Soon Srinivas started touring Australia, Southeast Asia, Southwest Asia, extensively and quite frequently across the United States and Canada. Mandolin became synonymous with Srinivas and people started calling him Mandolin Srinivas. He went on to become the second Bharatiya musician to have toured extensively across the globe after sitar maestro Pandit Ravi Shankar.
His younger brother, U. Rajesh, who is also an accomplished mandolin player started accompanying him at concerts over the years. Rajesh also plays jazz and western music, and played the mandolin in the John Mclaughlin album ‘Floating Point’ which received a Grammy nomination in the Best Contemporary Jazz Album Category in 2008. The brothers Srinivas and Rajesh have together composed music and worked on the fusion of Carnatic and western music.
Over the years, Srinivas recorded over 137 albums, in diverse genres from Carnatic music solos to jugalbandis with Hindustani musicians, and world music. He performed with Western artists such as John McLaughlin, Michael Brook, Trey Gunn, Nigel Kennedy, Nana Vasconcelos, and Michael Nyman, as well as with Hindustani music artists such as Hariprasad Chaurasia and Zakir Hussain, besides Carnatic artists like Vikku Vinayakram and V. Selvaganesh and percussionist Sivamani. He recorded a CD of Carnatic compositions by Ilaiyaraaja called Ilaiyaraaja’s Classics in Mandolin.
Srinivas started a music school called the Srinivas Institute of World Music (SIOWM) in Chennai, where, since he was barely eighteen, he taught a number of students gratis and he has students worldwide. U. Srinivas was an ardent devotee of the Paramacharya of Kanchi and Sri Sathya Sai Baba .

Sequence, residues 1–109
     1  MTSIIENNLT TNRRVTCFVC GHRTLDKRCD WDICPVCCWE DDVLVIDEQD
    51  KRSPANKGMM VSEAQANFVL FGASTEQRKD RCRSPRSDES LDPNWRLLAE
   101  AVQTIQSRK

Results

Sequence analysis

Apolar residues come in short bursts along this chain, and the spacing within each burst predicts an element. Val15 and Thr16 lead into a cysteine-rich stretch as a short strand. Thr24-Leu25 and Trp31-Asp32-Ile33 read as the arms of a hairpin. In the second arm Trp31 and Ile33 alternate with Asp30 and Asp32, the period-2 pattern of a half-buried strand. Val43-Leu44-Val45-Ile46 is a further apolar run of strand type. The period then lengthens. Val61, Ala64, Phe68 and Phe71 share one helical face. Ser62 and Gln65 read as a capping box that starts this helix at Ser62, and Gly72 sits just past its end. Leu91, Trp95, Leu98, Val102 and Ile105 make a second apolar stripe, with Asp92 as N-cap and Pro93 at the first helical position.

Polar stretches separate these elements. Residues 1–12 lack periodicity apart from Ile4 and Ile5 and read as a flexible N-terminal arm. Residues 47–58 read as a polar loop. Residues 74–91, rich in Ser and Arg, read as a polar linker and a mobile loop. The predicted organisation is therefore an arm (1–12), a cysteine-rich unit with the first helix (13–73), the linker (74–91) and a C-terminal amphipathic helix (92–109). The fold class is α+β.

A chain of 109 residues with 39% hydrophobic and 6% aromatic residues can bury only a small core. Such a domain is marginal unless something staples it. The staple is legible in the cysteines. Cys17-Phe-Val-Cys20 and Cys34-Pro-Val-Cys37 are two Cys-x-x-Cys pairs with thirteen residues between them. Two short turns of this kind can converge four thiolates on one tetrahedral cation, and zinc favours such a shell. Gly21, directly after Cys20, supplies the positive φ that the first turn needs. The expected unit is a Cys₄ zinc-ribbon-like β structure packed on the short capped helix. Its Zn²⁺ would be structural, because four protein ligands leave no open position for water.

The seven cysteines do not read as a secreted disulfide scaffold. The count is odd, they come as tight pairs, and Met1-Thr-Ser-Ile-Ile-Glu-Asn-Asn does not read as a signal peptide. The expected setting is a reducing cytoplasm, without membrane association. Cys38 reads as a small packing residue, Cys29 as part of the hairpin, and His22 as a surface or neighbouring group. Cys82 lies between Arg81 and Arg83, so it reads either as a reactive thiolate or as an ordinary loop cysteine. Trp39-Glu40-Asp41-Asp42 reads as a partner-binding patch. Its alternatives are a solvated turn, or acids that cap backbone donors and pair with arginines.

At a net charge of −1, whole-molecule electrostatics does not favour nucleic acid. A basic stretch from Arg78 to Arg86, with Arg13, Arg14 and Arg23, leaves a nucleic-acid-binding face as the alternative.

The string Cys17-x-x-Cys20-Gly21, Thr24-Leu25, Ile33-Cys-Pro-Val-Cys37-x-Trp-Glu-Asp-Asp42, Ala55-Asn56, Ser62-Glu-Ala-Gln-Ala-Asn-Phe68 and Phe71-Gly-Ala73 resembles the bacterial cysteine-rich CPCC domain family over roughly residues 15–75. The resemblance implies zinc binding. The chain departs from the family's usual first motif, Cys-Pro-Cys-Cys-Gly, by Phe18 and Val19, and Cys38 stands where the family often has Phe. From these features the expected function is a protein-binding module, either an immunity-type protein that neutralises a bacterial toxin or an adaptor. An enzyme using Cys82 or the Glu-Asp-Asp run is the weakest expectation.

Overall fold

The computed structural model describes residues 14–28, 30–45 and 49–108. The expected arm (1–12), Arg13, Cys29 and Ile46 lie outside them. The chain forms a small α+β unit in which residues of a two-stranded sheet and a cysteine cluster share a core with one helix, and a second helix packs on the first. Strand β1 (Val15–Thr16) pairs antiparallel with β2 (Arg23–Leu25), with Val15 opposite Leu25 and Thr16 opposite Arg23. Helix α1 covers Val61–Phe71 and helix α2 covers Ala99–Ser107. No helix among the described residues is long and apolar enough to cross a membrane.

Awards and achievements
Some of the awards that Mandolin U. Srinivas received:
- Padma Shri in 1998, given by Government of India.
- Sangeet Natak Akademi Awardin 2010, given by Sangeet Natak Akademi.
- Titled ′Asthana Vidwan′(at age 15), of the Tamil Nadu Government in 1984, Kanchi Kamakoti Peetam in 1990, at Sringeri, at Kalahasti temple, at Mantralayam Raghavendra Matha in 2006, Pillayarpatti Temple in 1995.
- Sangeetha Bala Bhaskaraby Sangeetha Kalanidhi S. Subbulakshmi in 1995.
- National Citizen’s Award, 1991 by President of India.
- Special TTK Awardand Best Artiste Award by the Madras Music Academy in 1983 and 1993
- Madhya Pradesh Government Award, in 2004 by the Government of Madhya Pradesh
Srinivas was an eternal explorer of music and that is evident from his words “Where is the end to music? The more you learn, the more you want to know.”
Srinivas was non-controversial and he always spoke through his music. He could retain the disarming smile and the spark in his eyes right from his childhood till his death. A very unassuming personality, humble and always down to earth and soft spoken, he will be remembered for both his musical genius and humane qualities. He combined creativity and innovation in his music yet retained the tradition of Bharatiya classical music.
Srinivas belongs to the category of musical genius and child prodigy who take birth on this earth once in a century. Bharat is fortunate to have given birth to this true Bharat Ratna who died on 19th September, 2014 at a very young age of 45 but has left behind a music treasure that would last forever.
Did you find this article useful? We’re a non-profit. Make a donation and help pay for our journalism.